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Wow, the timing of this thread is amazing. I was just going to look around to see if there is any info on write speed for SD cards, as I am having a problem. I am sucking in binary data through a serial port at a pokey 19,200 baud, doing some processing, and then writing binary and text versions of the data to an SD card.

The writes seem to be holding me up enough that I miss a byte here and there, even though I am using an ATMega644p and one of its two USARTs. I am also using a data logging shield from ADAFruit and the Fat16 library. The card is a 2GB card from ADAFruit from "Transcend." Its actually a micro card in a regular size adapter. The IDE is Arduino-022.

I just downloaded the SDFat beta you linked here and read the docs. Very impressive! Its great that you not only took the time to write such a nice library but also prepared such nice docs, thank you!

I am having an issue. I can not get any of the sample apps to compile. The compiler complains of an error on line 40 of ArduinoStream.h: expected ')' before '&' token. I took a look and the reference parameter seemed to be declared correctly.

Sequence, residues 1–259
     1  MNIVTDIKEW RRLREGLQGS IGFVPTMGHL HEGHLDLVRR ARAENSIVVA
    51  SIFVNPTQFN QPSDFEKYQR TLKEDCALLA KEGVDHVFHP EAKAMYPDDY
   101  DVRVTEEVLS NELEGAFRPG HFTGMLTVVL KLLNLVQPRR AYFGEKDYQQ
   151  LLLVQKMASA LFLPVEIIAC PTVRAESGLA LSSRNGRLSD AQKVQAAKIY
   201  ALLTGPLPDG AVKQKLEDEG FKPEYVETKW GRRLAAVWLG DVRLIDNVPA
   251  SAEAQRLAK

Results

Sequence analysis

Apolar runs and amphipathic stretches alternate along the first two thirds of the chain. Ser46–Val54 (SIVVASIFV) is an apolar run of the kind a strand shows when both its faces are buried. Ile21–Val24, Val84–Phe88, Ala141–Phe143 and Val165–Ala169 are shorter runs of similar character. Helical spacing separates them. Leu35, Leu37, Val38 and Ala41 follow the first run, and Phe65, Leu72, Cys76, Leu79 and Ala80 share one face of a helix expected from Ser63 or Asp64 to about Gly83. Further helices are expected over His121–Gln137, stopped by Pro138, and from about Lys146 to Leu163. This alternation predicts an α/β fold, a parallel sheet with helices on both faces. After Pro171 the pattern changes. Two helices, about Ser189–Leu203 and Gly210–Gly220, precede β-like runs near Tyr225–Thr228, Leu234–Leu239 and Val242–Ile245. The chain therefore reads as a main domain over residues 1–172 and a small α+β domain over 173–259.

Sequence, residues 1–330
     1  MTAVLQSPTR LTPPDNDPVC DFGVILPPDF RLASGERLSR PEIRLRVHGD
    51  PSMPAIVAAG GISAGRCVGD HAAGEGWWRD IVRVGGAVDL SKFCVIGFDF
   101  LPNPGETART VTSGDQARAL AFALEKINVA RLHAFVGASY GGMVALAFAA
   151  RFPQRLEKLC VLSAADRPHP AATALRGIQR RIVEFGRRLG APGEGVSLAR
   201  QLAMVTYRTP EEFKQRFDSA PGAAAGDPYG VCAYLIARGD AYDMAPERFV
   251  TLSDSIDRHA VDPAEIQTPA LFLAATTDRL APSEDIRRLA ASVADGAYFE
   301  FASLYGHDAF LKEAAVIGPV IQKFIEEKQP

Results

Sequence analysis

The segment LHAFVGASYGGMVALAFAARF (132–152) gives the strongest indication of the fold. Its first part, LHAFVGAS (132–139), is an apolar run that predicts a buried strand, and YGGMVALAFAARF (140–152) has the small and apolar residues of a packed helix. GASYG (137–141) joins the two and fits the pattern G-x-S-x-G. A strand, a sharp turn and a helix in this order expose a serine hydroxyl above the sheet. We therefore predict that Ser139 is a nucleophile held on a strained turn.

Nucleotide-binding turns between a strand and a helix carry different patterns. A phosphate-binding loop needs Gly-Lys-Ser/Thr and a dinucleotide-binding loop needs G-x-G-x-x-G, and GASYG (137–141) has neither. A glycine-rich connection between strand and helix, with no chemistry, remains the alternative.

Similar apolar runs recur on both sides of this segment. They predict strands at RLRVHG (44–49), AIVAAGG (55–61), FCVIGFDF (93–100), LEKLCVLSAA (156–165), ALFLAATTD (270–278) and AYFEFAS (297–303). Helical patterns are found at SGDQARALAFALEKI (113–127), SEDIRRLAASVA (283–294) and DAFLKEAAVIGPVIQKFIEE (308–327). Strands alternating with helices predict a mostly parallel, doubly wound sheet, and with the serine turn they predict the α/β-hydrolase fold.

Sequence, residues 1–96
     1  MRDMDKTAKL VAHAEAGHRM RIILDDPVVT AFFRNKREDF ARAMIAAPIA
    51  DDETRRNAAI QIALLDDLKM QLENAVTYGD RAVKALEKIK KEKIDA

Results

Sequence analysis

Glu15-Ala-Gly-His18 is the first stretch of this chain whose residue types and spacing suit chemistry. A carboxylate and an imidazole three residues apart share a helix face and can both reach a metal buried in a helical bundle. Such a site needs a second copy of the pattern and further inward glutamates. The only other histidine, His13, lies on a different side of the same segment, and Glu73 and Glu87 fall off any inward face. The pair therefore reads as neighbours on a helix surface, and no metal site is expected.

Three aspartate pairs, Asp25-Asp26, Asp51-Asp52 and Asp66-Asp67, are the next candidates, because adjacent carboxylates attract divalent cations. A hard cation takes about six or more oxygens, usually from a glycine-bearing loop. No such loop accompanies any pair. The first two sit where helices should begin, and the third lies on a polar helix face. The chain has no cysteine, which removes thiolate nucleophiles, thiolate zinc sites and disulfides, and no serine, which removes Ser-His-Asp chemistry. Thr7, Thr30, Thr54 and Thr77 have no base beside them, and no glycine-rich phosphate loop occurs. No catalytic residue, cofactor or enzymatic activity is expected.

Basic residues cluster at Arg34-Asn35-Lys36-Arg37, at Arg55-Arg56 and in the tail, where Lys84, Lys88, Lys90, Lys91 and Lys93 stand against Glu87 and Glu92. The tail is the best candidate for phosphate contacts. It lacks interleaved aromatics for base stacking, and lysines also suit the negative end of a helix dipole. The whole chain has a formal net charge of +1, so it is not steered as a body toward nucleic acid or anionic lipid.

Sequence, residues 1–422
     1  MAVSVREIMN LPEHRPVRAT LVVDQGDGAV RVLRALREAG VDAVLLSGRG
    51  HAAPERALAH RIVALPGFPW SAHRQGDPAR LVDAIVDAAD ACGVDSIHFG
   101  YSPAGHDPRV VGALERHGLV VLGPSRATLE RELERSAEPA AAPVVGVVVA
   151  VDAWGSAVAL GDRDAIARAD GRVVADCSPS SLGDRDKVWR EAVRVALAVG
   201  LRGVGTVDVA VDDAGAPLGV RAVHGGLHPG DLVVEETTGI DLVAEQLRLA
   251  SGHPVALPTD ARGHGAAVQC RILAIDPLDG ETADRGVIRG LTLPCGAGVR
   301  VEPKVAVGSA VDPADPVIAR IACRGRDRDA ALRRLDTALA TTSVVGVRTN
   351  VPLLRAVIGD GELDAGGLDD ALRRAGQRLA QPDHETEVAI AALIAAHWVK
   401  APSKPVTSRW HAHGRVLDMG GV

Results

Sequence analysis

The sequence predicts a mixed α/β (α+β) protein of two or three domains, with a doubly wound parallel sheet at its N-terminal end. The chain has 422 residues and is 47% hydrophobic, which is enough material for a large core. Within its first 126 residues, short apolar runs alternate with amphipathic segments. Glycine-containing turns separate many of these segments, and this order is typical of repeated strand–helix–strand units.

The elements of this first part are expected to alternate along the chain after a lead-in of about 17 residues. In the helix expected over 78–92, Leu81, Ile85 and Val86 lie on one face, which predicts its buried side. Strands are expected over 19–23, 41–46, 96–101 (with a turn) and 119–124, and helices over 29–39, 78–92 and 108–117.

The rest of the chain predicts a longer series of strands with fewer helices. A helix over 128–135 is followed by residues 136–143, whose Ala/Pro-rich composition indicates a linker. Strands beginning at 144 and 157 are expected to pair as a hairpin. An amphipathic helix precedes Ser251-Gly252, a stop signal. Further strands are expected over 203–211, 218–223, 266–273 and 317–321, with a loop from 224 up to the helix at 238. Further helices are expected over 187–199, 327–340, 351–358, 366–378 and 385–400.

I tried several of the example files and each one gave me the same error. I'll try the SD classes without the stream IO and see if I have better luck.


Thanks!





 
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Hm, well it all compiles fine on my Uno.

Using the bench example in the SDFat library, my Transcend card writes at 62 KB/sec. I threw a 256MB SanDisk card in and there was a slight difference. It wrote at 234 KB/sec!!!

I guess I'll try my app wit this SanDisk card.

Still, I would like to transition to this SDFat library, I just have to figure out why the code won't compile when "Sanguino" is selected as the board type.
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Sorry SdFat no longer compiles for the Sanguino.  The official software for the Sanguino is so out of date, 0018, that I have given up testing with Sanguino.

I have left the 644/644P ifdefs in the SdFat code.